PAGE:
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Ruling that the ACAS Code of Practice applies to SOSR dismissals

Posted by TonyBrownEmploymentSolicitor on May 6, 2013

The ACAS Code of Practice on Discipline and Grievance Procedures sets standards with which employers should comply when dismissing employees and a tribunal can increase compensation if the employer has unreasonably failed to comply with the ACAS Code.

The Code states that it applies to disciplinary situations which include misconduct and poor performance. It expressly does not apply to redundancy dismissals or the non-renewal of fixed term contracts and it is silent about whether it applies to dismissals for some other substantial reason (‘SOSR') or for ill health.

However, in the next case, the Employment Appeal Tribunal ruled that employers are expected to comply with the ACAS Code when dismissing for SOSR.

The Claimant was dismissed from his employment as a school teacher because of a breakdown in trust and confidence which the school alleged was caused by the Claimant’s attitude towards colleagues which alienated them to the point that they did not want to work with him.

A tribunal ruled that the Claimant had been unfairly dismissed. However, the tribunal refused to increase the Claimant’s award on grounds of the School’s failure to comply with the ACAS Code of Practice because it ruled that the Code of Practice did not apply to dismissals for SOSR.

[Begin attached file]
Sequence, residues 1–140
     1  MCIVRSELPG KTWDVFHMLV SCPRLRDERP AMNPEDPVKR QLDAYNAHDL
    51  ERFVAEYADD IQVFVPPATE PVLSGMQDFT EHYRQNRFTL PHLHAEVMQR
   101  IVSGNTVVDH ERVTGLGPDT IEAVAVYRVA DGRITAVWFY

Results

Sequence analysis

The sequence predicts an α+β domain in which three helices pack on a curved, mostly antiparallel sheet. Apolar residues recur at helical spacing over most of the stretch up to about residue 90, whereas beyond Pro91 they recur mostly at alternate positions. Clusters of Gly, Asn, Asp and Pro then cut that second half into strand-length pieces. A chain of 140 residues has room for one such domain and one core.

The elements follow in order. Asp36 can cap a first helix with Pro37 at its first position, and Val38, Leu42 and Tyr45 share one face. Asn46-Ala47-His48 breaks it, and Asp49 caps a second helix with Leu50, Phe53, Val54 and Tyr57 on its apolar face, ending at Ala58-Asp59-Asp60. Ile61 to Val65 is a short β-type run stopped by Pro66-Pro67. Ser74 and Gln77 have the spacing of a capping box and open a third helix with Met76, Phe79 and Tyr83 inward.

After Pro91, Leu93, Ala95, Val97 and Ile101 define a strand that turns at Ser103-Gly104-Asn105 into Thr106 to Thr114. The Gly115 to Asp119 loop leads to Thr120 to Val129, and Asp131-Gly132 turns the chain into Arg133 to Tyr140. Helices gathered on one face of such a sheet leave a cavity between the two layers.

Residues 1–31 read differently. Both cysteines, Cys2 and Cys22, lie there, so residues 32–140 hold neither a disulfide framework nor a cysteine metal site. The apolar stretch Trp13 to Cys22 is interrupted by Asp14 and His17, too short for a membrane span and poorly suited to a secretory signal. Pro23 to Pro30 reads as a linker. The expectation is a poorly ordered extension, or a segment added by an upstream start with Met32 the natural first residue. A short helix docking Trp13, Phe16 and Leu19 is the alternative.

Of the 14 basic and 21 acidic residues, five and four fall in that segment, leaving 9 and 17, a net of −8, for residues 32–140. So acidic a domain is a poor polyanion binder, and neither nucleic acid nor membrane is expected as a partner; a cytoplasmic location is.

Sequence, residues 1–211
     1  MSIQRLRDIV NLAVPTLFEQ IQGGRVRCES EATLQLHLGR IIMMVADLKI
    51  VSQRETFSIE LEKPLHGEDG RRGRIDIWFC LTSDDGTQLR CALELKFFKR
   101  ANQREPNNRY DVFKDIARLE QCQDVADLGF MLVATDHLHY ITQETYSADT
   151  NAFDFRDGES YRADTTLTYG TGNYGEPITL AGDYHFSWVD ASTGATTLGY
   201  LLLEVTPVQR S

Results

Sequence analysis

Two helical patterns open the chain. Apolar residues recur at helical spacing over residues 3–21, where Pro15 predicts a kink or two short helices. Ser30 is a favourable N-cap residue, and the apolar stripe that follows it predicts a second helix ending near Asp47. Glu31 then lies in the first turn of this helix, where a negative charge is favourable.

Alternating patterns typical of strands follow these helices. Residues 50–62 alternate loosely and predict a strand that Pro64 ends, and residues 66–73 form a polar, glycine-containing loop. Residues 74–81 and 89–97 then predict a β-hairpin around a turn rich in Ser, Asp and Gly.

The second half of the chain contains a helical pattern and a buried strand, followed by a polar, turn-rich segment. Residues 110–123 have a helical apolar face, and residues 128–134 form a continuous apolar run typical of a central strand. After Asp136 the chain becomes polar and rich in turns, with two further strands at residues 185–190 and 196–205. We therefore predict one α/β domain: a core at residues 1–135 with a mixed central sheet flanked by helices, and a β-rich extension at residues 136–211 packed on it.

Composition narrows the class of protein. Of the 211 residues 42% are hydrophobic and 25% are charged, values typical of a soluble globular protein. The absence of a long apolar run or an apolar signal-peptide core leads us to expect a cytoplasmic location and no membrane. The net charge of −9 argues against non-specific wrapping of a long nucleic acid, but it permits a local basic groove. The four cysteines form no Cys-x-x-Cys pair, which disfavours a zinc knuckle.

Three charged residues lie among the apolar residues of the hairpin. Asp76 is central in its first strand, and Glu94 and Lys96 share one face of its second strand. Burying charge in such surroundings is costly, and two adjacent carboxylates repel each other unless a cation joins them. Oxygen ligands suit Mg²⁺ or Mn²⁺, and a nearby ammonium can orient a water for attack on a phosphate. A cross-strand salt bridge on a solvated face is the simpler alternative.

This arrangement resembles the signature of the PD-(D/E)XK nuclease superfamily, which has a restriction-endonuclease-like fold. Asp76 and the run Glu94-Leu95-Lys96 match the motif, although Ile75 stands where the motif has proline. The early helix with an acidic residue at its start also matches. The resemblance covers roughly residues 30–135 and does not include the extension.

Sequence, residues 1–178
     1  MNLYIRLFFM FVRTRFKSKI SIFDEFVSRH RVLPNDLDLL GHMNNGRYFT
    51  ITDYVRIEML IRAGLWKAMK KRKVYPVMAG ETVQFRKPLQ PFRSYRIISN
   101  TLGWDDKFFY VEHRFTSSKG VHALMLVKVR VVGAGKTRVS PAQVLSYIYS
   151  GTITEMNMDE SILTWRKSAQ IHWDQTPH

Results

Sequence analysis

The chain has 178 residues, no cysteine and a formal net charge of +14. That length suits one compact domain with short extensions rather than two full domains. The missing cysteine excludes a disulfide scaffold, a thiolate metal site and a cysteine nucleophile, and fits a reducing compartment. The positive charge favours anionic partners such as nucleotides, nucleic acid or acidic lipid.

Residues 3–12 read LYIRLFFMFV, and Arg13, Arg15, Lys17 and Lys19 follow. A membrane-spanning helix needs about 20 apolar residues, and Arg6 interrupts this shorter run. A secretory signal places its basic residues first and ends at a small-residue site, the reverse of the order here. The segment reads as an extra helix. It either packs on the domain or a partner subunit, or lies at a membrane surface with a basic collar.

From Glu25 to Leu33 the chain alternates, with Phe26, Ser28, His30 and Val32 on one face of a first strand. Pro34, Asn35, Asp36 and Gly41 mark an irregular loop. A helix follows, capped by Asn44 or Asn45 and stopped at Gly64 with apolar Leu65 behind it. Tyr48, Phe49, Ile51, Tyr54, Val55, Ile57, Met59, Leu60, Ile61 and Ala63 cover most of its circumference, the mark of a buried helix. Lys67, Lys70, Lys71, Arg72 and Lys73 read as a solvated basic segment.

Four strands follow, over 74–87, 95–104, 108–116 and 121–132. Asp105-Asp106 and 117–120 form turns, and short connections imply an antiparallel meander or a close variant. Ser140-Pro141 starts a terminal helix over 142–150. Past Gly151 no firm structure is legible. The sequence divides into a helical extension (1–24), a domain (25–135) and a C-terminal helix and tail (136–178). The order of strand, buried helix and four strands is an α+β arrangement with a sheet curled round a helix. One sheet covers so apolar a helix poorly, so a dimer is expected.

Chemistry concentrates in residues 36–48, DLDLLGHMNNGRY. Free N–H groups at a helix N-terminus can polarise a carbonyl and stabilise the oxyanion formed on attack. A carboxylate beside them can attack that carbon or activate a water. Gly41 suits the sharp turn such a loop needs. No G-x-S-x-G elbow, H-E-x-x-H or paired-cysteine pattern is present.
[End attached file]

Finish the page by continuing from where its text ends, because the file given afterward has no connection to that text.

The EAT allowed the Claimant’s appeal. It ruled that the tribunal was wrong to conclude that the Code of Practice did not apply to the Claimant’s dismissal. The unfair dismissal claim concerned conduct on the part of the Claimant which led the School to consider whether he should be dismissed, even if it was not his conduct but the effect of his conduct on his relationships with his colleagues which was the ultimate reason for his dismissal

Comment

This is the first decision of the EAT (and therefore binding on tribunals) that the ACAS Code applies to SOSR dismissals.

However, before this ruling, there was a decision by a tribunal that the Code applied to SOSR. In that case, an employer tried to force an unfavourable variation of terms upon its employees. The Claimant objected to this and was invited by telephone to attend a meeting. He duly attended the meeting, and, when he refused to agree to the proposed variation, was dismissed and brought a claim.

The tribunal’s view was that the ACAS applied to the dismissal, essentially by implication as unlike in redundancy situations, SOSR was not expressly excluded by the Code which was expressed to apply to disciplinary situations that ‘include' misconduct and/or poor performance.

The lesson for employers is that they should observe the ACAS Code in every dismissal except those specifically excluded by the Code ( redundancy dismissals or the non-renewal of fixed term contracts)

If you would like advice about how the issues in this note apply to your situation, please contact Tony Brown by e mail to tony@bathemploymentlaw.co.uk or by phoning him on 01225 740097.

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